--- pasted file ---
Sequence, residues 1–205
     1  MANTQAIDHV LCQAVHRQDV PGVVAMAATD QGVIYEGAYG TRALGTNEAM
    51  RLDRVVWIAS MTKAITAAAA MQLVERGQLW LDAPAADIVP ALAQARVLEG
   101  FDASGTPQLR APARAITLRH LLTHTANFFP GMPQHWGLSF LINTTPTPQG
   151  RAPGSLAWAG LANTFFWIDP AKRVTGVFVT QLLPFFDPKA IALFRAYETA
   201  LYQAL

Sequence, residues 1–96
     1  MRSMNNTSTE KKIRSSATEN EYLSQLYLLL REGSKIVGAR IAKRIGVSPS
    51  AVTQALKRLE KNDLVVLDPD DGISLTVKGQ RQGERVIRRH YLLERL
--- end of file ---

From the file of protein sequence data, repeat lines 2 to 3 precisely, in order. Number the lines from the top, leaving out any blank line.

     1  MANTQAIDHV LCQAVHRQDV PGVVAMAATD QGVIYEGAYG TRALGTNEAM
    51  RLDRVVWIAS MTKAITAAAA MQLVERGQLW LDAPAADIVP ALAQARVLEG